Jump to content
  • Checkout
  • Login
  • Get in touch

osCommerce

The e-commerce.

Permissions 777


Rob22

Recommended Posts

Got warnings from a security checking script, that most files in catalog/images have permission 777. Same is true for most PHP files in catalog/includes/languages/...

 

Is this the default behavior of OSCommerce, or probably some reminiscent from some older installation.

 

There is no reason to have execute permission set on these files, when PHP runs as an apache module.

 

I'd like to set permission to 644 and chown to current user on the PHP files and permission to 644 and chown to webserver on the image files. Do you think this will break anything within OSCommerce.

 

And is there a setting to prevent OSCommerce from uploading images with permission 777 in the future?

 

Thanks for any answers.

 

Rob

Link to comment
Share on other sites

When you downloaded oscommerce it was all read and writeable.

 

Once you upload your catalog the permission level of you catalog is set by the server your site was uploaded to.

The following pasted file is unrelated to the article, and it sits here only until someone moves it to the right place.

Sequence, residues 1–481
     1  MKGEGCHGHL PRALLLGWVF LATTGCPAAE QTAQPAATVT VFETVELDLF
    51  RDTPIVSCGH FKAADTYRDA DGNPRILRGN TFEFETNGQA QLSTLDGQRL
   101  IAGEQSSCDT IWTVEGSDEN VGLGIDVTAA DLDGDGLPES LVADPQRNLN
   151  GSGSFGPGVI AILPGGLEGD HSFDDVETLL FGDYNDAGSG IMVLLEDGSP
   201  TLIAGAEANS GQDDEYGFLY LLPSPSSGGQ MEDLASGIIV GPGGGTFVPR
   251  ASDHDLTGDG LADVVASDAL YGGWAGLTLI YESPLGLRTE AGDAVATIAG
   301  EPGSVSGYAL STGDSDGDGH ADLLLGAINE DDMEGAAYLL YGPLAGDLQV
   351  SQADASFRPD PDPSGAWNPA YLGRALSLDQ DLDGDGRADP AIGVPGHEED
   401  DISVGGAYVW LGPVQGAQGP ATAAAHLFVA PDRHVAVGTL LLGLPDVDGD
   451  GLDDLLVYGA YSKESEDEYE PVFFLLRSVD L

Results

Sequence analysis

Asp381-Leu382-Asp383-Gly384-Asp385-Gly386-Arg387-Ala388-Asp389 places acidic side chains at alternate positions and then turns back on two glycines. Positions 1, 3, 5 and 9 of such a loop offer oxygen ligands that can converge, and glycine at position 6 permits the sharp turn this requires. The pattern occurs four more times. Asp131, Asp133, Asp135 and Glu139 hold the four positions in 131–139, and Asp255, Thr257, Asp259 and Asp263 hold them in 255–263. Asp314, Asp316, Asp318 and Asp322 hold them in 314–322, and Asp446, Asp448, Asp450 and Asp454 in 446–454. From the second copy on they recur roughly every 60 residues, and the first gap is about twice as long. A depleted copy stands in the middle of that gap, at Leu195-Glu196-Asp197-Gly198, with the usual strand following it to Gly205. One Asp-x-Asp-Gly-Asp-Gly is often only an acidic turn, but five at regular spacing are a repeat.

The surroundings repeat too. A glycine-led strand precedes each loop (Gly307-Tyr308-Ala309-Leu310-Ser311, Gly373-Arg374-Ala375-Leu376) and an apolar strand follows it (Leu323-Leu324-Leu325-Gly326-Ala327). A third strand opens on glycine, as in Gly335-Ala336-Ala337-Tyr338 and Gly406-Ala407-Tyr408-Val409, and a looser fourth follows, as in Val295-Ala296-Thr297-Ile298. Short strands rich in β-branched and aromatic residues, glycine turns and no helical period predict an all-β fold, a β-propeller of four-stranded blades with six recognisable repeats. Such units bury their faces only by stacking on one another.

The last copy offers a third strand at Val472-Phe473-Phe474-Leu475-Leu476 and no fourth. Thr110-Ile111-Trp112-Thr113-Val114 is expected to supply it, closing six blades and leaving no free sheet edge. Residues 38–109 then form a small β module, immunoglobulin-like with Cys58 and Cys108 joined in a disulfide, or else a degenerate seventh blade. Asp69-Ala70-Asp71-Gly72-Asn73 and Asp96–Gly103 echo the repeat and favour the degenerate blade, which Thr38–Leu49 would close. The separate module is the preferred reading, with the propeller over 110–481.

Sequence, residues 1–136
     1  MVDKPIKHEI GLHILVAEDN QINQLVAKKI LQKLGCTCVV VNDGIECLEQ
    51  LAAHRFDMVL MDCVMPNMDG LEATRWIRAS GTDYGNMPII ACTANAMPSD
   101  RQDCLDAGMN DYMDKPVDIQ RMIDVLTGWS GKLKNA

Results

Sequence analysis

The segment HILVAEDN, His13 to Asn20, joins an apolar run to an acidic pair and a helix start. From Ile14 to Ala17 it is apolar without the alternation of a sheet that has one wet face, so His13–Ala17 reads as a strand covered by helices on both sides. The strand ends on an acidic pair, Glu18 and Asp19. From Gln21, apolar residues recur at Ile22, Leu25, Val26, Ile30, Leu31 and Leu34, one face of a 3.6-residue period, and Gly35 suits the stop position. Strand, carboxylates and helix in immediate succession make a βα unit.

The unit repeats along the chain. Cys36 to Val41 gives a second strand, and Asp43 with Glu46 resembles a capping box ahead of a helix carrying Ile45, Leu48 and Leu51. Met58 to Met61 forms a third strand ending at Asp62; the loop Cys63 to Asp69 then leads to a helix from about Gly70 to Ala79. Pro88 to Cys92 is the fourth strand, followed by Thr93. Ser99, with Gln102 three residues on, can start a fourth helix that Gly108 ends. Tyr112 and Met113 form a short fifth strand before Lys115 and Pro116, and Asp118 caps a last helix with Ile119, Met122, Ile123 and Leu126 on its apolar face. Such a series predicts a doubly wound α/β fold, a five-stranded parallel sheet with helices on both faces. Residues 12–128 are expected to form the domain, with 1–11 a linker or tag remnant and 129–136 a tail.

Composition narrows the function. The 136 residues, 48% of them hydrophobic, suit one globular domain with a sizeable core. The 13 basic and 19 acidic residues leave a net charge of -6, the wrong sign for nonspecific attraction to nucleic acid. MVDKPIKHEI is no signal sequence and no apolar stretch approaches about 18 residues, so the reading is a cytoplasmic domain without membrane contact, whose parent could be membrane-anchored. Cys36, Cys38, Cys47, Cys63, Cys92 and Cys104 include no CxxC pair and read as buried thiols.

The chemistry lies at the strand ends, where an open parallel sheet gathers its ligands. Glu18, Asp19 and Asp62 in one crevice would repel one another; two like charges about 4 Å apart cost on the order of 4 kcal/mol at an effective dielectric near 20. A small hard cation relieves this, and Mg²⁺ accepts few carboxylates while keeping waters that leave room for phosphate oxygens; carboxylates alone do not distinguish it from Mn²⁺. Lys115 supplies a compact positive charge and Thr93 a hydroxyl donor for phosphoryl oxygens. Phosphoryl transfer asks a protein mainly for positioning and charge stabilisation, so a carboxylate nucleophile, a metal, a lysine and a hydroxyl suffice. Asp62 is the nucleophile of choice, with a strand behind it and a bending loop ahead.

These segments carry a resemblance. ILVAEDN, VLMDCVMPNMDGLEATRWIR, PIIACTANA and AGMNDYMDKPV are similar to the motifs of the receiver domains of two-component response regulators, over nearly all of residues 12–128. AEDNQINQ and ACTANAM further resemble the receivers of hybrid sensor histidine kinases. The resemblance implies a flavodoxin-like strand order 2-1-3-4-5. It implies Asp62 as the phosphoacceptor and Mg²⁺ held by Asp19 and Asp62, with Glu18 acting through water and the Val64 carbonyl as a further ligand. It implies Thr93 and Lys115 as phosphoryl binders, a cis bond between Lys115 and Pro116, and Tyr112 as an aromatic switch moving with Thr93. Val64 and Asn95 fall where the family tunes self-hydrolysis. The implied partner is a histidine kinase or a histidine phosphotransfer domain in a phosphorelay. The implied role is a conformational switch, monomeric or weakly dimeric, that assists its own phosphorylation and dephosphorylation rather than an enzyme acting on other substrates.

Some hosted sites do not have to adjust any permissions except the 2 configure.php files. Some hosted servers make read only for all uploaded files to their server.

 

Having to set the permissions on the oscommerce side will not and does not have to be done as it is server side that you are dealing with.

Link to comment
Share on other sites

Hi lola,

 

don't fully understand what you mean.

 

But recently found the following file in oscommerce:

 

catalog/admin/includes/classes/upload.php

 

which contains the following code:

  class upload {
var $file, $filename, $destination, $permissions, $extensions, $tmp_filename, $message_location;

function upload($file = '', $destination = '', $permissions = '777', $extensions = '') {
  $this->set_file($file);

 

So the 777 upload permission is hardcoded into oscommerce. If I change it to 644 the uploaded pictures have 644 permission.

 

Still don't understand, why oscommerce is doing this as it seems to be a security risk to upload files world writeable and world executable to the webspace of a sever, if there is no need for such permissions.

 

So I would call this a security bug. Strange, that no one has reported this so far!?!

 

Rob

Link to comment
Share on other sites

Well, it needs more to break into a server than just a few JPEGs with 777 permission. But it makes life much easier for a hacker once he has a foot in the door, when there are a lot of files with 777 permission lying around on the server, waiting for him to replace picture content with executable code.